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Bruins Battle Back, but Ducks Opportunistic Play Wins Out

by Caryn Switaj / Boston Bruins

ANAHEIM, CA - The Bruins came out the way the wanted to in Anaheim on Tuesday night, the way they needed to. It was the type of effort that showed they could be the team to stop the Ducks' home streak and hand them their first loss in regulation at the Honda Center this season.

Despite the start, outshooting Anaheim 16-3 in the first period, and the comeback, falling down 3-0 before pulling within one in the third period, Boston's bid came up short.

The end result was a 5-2 loss to start their three-game California road trip.

"Yeah, I thought we played a great game. When you look at the scoreboard, it's 5-2 - you wouldn't think so," said Tuukka Rask, who only faced 20 shots on the night, with the Bruins owning a 32-20 advantage.

"But they didn't get a lot of chances and when they got them, they somehow put the puck in the net."

"Look at the first period, we totally outshot them, outchanced them, and then we continued in the second, we took a couple penalties that ended up costing us, then we got that goal late and still battled."

The opportunistic play of the Ducks was all that mattered.

"We knew coming in, they were going to be good, and they're deep, and their goalie played really well in that first period too when we had most of our chances," said Dougie Hamilton, who helped reduce the deficit to 3-2 at 7:19 into the third period.

Anaheim didn't get its first real offensive zone time until about four minutes left in the first. Every Boston line created chances, including the trio Brad Marchand, Patrice Bergeron and Reilly Smith, who threw 11 shot attempts towards the goal in the opening 20 minutes.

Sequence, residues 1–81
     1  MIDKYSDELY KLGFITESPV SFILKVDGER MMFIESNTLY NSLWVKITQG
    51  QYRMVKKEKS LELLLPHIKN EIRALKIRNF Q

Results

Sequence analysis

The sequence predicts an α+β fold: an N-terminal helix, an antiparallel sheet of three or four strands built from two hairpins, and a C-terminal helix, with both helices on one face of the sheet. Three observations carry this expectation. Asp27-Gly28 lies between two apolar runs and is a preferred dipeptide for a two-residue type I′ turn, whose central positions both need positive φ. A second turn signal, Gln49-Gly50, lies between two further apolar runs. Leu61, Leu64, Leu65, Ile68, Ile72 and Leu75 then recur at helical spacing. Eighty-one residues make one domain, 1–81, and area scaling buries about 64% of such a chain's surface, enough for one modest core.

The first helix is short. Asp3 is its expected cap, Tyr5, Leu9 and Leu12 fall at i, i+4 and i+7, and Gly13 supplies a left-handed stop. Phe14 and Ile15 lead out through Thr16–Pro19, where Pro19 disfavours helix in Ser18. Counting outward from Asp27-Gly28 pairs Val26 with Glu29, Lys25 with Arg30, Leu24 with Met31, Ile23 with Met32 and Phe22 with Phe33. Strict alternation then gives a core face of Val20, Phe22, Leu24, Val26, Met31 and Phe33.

"So it's a different game if we get a couple in the first, but I think if we could have played the first period all game, I think it would have been a different game," said Hamilton.

Anaheim took advantage of what was given to them. Back-to-back power play goals within a span of 2:36 got them ahead 2-0.

On the first, by Mathieu Perreault, the Bruins lost coverage, with a defender not picking up the Ducks and allowing him just enough space to put home a feed from Teemu Selanne.

Next, Boston was caught cheating to one side, opening up a lane for Matt Beleskey to the net. Corey Perry picked up the tally with a driveby on the rebound.

"We have nobody but ourselves to blame on those," said Julien. "I thought we didn't do a very good job there on the PK again tonight, so it kind of set us back a little bit."

The Bruins had a chance to counter late in the second on the man-advantage, but Andrew Cogliano pounced on a bouncing puck in front of Rask on the breakout and put home the shorthanded tally to make it 3-0.

Comebacks are tough in that building, where the Ducks are now 18-0-2, but the Bruins never count themselves out.

"Yeah it is [tough]. But we didn't look at it that way; more that we felt we played good and deserved some goals. So we figured if we kept plugging away, we might get some goals," said Rask.